The optical image stabilization on the new iPhone 6s Plus works great. It works better than the 6 Plus. You can walk around shooting video and get very stable video.

    Here's a tip. In settings --> Photos & Camera --> click on Record Video and set your video at 1080p at 60 fps, unless of course you want to shoot 4k. This will give you great video, especial when taken action shots.
  • Reply 6 of 37
    19831983 Posts: 1,158member

    The clouds in the photo of the car on the freeway are burnt out in places with the 6S camera while the older 6 Plus the clouds look more natural. And with the exception of the cropped photo of the people outside Infinite Loop which seems to be a major improvement on the older cameras, the differences in all the others is marginal. Seems to me from these examples anyway, that the new cameras generally overexpose shots slightly, which if so is not a good thing. According to DxO its the latest Sony Xperia Z5 that's the camera to beat at the moment, I wonder how the 6S will fair in comparison?

  • Reply 7 of 37
    Don't all cameras have lens flare?
  • Reply 8 of 37
    boltsfan17boltsfan17 Posts: 2,157member
    Quote:
    Originally Posted by Suddenly Newton View Post



    Don't all cameras have lens flare?

    They do, so I don't think it's fair to say its a problem as mentioned in the article. All cameras have the same issue. Unfortunately, you can't buy a lens hood for a smartphone camera. 

  • Reply 9 of 37
    aluopaluop Posts: 57member
    That's a terribly misleading chart.
    One would think iPhone 6 was no.1 but in reality it's ranked #8, behind last generation models like Note 4 and Xperia Z3
    Will need to wait to see how they rate the 6S .
  • Reply 10 of 37
    melgrossmelgross Posts: 31,471member
    1983 wrote: »
    The clouds in the photo of the car on the freeway are burnt out in places with the 6S camera while the older 6 Plus the clouds look more natural. And with the exception of the cropped photo of the people outside Infinite Loop which seems to be a major improvement on the older cameras, the differences in all the others is marginal. Seems to me from these examples anyway, that the new cameras generally overexpose shots slightly, which if so is not a good thing. According to DxO its the latest Sony Xperia Z5 that's the camera to beat at the moment, I wonder how the 6S will fair in comparison?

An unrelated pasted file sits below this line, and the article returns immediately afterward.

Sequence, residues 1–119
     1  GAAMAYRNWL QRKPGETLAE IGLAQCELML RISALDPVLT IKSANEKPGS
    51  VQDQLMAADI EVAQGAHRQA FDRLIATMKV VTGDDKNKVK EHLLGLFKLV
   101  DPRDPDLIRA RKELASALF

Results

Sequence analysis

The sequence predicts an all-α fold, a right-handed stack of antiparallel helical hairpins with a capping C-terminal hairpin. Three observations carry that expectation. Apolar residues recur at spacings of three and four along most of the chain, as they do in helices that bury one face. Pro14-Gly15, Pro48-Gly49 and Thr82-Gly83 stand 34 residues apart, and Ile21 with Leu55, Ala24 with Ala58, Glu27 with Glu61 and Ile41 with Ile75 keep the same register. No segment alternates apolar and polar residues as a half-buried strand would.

What you're seeing is a different crop. The 6 photo has less of the top of the cloud, which is munch brighter. The rest, further down don't look too much different. But a question is highlight recovery. Which one is better? It's hard to tell.

    The only real problem with what Apple is doing here is that they still don't offer RAW files. Because of that we won't get the most out of the images. Why they aren't offering this, I don't know. I hope it's not because of the 16GB base model.
  • Reply 11 of 37
    melgrossmelgross Posts: 31,471member
    Don't all cameras have lens flare?

    Some are better than others, of course. But lens flare in many cameras can be mitigated by using a lens hood. I tell people that they should always use a lens hood whenever it's offered.

    But even some of the most expensive lenses have flare. Actually, the more complex the lens is, the more likely it will have flare. Leica's $12,000 50mm f1.2 lens is known for its flare.
  • Reply 12 of 37
    foggyhillfoggyhill Posts: 4,767member
    Quote:

    Originally Posted by melgross View Post





    What you're seeing is a different crop. The 6 photo has less of the top of the cloud, which is munch brighter. The rest, further down don't look too much different. But a question is highlight recovery. Which one is better? It's hard to tell.



    The only real problem with what Apple is doing here is that they still don't offer RAW files. Because of that we won't get the most out of the images. Why they aren't offering this, I don't know. I hope it's not because of the 16GB base model.